The Gods of Holidays: When Too Much is Good

Posted on September 27, 2012 by


 (Disclaimer: Every year we are inundated with stories about controlling our eating habits and how we need to refrain during the holidays.  I believe that to be false, stressful, and quite frankly, am tired of reading it.  Before the onslaught of recycled ideas telling us how to watch Christmas cartoons while walking on the treadmill eating truffles I submit this to you, dear reader, as an “ok” to enjoy the upcoming season.  January will be here before you know it, and then we’ll all be training for the next marathon.)

In Greek mythology, Apollo was the god of reason, order and responsibility. On the other end of the spectrum, Dionysus was the god of ecstasy—the god of going overboard in a big way.

Today, Apollo is that jogger you see every morning finishing a 10 mile run–uphill–at just about the same time you’re getting out of bed. Dionysus is the kid in high school who goes under the bleachers to sneak a smoke while the rest of the class plays soccer. Apollo finishes his taxes two months early. Dionysus doesn’t feel like paying taxes. The yin and yang. And the goal is to find a balance, to know when to be responsible and when to, well, cut loose. The problem: our culture tends to fail at finding this balance.

With our food culture, we’re inclined to cut things right down the middle: those who eat healthily and those who don’t. And the two move toward opposite ends of the spectrum at a fast rate. You see this with vegan diets versus McDonald’s diets. No soda ever versus 64-oz. sodas each day. Our nation has never been good with balance. And while you might dread the holidays because it’s tough to stick to your diet, think of this time of year as a great way to embrace the Dionysian balance in your life.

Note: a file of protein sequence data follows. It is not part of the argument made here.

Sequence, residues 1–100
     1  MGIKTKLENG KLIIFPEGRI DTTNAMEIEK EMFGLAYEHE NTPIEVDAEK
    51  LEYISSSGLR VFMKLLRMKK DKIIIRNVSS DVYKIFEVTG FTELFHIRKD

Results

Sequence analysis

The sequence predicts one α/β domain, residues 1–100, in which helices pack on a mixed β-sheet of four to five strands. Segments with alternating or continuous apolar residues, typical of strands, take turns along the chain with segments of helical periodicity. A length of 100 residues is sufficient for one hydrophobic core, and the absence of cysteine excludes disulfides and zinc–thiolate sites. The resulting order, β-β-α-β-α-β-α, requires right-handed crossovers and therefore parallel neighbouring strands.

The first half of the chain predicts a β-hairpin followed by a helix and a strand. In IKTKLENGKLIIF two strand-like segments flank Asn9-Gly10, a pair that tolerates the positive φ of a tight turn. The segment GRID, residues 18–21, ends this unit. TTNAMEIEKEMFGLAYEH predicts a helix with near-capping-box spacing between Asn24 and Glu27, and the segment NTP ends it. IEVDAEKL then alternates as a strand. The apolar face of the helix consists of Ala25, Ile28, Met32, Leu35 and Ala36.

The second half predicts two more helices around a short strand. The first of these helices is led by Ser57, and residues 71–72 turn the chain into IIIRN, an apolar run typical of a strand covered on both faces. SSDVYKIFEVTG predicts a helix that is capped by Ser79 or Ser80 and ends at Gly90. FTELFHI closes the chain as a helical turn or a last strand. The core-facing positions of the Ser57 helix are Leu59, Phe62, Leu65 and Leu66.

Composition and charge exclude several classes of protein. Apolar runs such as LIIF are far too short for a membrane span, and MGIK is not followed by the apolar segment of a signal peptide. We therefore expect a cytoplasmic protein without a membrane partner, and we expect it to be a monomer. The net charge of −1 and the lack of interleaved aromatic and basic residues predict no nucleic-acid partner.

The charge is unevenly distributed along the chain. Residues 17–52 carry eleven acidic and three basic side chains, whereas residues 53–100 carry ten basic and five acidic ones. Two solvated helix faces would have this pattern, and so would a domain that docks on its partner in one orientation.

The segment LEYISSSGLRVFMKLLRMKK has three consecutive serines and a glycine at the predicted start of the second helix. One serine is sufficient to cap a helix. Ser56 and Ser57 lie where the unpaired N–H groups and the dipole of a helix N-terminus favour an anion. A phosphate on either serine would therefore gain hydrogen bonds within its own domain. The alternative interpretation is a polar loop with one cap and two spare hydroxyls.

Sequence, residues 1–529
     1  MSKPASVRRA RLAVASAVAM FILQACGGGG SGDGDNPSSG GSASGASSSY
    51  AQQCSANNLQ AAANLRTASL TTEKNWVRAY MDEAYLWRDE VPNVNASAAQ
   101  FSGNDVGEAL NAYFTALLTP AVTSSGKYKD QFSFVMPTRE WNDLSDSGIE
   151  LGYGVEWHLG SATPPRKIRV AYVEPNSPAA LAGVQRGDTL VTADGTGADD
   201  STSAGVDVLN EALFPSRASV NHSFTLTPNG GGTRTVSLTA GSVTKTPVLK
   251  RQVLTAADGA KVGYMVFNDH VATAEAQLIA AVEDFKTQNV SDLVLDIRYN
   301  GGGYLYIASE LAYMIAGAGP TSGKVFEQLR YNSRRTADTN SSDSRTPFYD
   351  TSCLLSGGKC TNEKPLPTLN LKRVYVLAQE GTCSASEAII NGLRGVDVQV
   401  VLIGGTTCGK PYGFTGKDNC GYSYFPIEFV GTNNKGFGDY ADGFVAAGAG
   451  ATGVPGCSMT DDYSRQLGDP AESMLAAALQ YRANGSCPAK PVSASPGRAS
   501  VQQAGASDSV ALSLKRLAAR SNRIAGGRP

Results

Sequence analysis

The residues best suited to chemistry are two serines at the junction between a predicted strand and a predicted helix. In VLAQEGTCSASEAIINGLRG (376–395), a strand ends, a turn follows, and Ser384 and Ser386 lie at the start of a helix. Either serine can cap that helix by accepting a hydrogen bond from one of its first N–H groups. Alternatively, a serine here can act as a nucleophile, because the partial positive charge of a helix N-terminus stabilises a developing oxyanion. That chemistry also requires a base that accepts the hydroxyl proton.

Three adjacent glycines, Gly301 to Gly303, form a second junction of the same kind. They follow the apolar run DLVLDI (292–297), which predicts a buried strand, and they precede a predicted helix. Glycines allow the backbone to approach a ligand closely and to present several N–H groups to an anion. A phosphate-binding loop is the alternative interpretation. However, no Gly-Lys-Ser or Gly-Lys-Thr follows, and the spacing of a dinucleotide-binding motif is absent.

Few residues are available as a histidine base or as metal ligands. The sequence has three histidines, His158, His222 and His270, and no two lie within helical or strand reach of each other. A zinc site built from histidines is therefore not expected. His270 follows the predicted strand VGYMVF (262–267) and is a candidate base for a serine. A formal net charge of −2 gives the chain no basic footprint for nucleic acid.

Make a plan to cut loose later, now. Maybe you’re more like the jogger who runs 10 miles every morning. Maybe you do finish your taxes two months early. While that’s all well and good, this kind of lifestyle might make you feel guilty about, say, eating three cinnamon rolls with a couple glasses of whole milk on Christmas morning. Okay, Christmas morning feels like a long time from now. But why not start making a plan for your Dionysian behavior now? The point here is to bargain with yourself: if you eat healthy and do the exercise throughout most of the year, you should go a little overboard during the holidays–especially with all the great restaurant coupons and deals going on at that time of year. Plan it out. Look forward to your opportunity to indulge.

Visualize the moment. A balanced lifestyle creates motivation—whether that means you’re motivated to eat healthily because you’ve been eating with abandon for a couple of days, or if it means eating as much as you can on Thanksgiving because you’ve been so responsible in the past months. Visualize that Thanksgiving meal—turkey with cranberry sauce, adding a bit of gravy to the stuffing—and use this as motivation throughout the season. You’re being responsible now so you can cut loose later. Rather than stress about your eating habits during the holidays, make a plan for great eating before the stress happens. And if you stick to your plan, you won’t feel guilty about what you eat.

We’ve all seen the moment when a heaping plate of great food is refused by someone sticking to a diet. Maybe you’ve even been this person. Most of the time we can applaud that behavior; restraint is a valuable characteristic. But there’s a time for everything—a time to cry, to laugh; a time to love, to grieve—and there should be a time for restraint and a time for feasting. Make your holidays feasting days.


 © 2012 US Food Safety Corporation. No copyright claim is made for portions of this blog and linked items that are works of the United States Government, state governments or third parties

Posted in: diet, Family safety